Spis Tresci : Spis Tresci 1. Culture of Australia
2. Arts in Australia
Arts in Australia : Arts in Australia The vigour and originality of the arts in Australia — film, music, painting, theatre, dance and crafts — has achieved international recognition. In practice, it is difficult to discern much about Australian culture by examining the isolated peaks of music, dance or literature.
Traditional "high culture" gains small attention from much of the population, in contrast to popular culture. High culture thrives with excellent galleries (even in small towns); a rich tradition in ballet, enlivened by the legacy of Dame Margot Fonteyn and Sir Robert Helpmann, and continuing with Graeme Murphy; a strong national opera company based in Sydney; and excellent symphony orchestras in all capital cities, particularly the Melbourne and Sydney symphony orchestras.
Culture of Australia : Culture of Australia The old culture of Australia is a Western culture and draws from many sources, primarily from the Anglo-Celtic cultures, but also from Aboriginal cultures, the multi-ethnic immigration associated with the Australian gold rushes of the 1850s, and post-World War II immigrants from all over the world.******* Mainstream Australian culture has been strongly influenced by British culture and European culture and more recently the culture of the United States of America. There are, however, distinctive influences from the Australian natural environment, the country's settler history, indigenous Australians, geographical isolation from other Western nations and proximity to Asia.
The demographics of Australia show it to be one of the most urbanised populations in the world; the majority of Australians live on the coast with the outback being sparsely populated. Australia's cities are melting pots of different cultures and the influence of the longer-established southern European communities in particular has been pervasive. The great post-World War II influx of both English and non English-speaking migrants from England, Scotland, Ireland, Italy, Greece, Germany, Former Yugoslavia, Bulgaria, the Netherlands, Malta, Eastern Europe, the Middle East, East Asia and South-East Asia has had a significant impact. Lesser numbers of immigrants have come from the African and American continents.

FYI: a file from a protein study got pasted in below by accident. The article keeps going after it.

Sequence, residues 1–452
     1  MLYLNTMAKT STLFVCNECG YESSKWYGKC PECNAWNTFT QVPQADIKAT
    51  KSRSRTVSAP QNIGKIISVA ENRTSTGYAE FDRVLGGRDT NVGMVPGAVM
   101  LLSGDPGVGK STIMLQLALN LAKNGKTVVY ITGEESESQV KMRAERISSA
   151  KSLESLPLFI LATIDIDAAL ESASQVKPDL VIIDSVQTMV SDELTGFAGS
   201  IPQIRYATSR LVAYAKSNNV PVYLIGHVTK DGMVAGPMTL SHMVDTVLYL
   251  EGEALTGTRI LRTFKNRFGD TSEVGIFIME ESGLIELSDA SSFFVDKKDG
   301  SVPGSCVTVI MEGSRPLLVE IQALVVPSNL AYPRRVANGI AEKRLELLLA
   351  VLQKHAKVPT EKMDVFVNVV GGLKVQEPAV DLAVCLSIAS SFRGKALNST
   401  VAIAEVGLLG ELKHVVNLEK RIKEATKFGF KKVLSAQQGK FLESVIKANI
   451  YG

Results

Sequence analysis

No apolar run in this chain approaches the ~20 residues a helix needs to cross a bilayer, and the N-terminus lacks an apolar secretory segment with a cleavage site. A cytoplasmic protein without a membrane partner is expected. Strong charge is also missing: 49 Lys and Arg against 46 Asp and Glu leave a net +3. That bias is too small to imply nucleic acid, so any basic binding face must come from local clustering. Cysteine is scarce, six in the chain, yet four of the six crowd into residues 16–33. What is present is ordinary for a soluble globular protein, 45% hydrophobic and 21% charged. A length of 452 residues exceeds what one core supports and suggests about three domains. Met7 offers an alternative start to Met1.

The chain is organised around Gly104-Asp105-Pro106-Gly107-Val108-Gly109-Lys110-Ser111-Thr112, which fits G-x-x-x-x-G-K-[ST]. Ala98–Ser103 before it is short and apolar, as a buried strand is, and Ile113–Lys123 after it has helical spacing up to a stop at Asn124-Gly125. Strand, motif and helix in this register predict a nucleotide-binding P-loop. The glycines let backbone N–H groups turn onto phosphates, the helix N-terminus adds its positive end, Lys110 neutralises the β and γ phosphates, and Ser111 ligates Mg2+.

Architecture : Architecture Contemporary Australian architecture includes a number of iconic structures, including the Sydney Opera House (the original design being by Jorn Utzon), the Royal Exhibition Building in Melbourne and Parliament House, Canberra. Significant architects include Harry Seidler and Francis Greenway.
In the period before European settlement of Australia in 1788, evidence of permanent structures built by indigenous Australians in Australia is limited. Much of what they built was temporary for housing and other needs. As a British colony, the first European buildings were derivative of the European fashions of the time. Tents and wattle and daub huts preceded more substantial structures. Georgian architecture is seen in early government buildings of Sydney and Tasmania and the homes of the wealthy. While the major Australian cities enjoyed the boom of the Victorian Era, the Australian gold rushes of the mid-19th century brought major construction works and exuberant Victorian architecture to the major cities, particularly Melbourne, and major provincials such as Ballarat and Bendigo. Other significant architectural movements in Australian architecture include the Federation style of the turn of the 20th century and the modern styles of the late 20th century which also saw many older buildings demolished.
Significant concern was raised during the 1960s, with green bans and heritage concerns responding to the destruction of earlier buildings and the skyscraper boom particularly in Sydney. Green bans helped to protect historic eighteenth century buildings in The Rocks from being demolished to make way for office towers, and prevented the Royal Botanic Gardens from being turned into a car park for the Sydney Opera House.
Cuisine : Cuisine Originally, traditional Australian cuisine was based on English cooking brought to the country by the British settlers. This cuisine generally consisted of Sunday roasts, grilled chops and other forms of meat and was generally accompanied by vegetables (often known colloquially as "meat & three veg") such as mashed potatoes, beans, peas and carrots. The barbecue remains an important part of Australian life. The 'barbie', an icon of Australian cuisine and culture, has developed and grown as a party/gathering tradition. Another culturally significant item of cuisine is the Australian meat pie.
The range of cuisines available in the multicultural cities of Australia has developed greatly due to a high level of immigration. Italian, Chinese, Thai, Greek, Arab, Indian, Turkish, Vietnamese and Mexican foods are very popular and are maintained at an accomplished level of authentic quality by a thriving restaurant trade in many cities for the enjoyment of Australians of all backgrounds. The influx of immigrants living in Australia has brought many new dishes to the country and it is becoming a feature of Australian cuisine to take standard meals and add elements sourced from different cultures.
South Australia has a strong culture of appreciation of South Australian food and drink. This has resulted from a combination of factors, including a strong local produce industry and influence from immigrants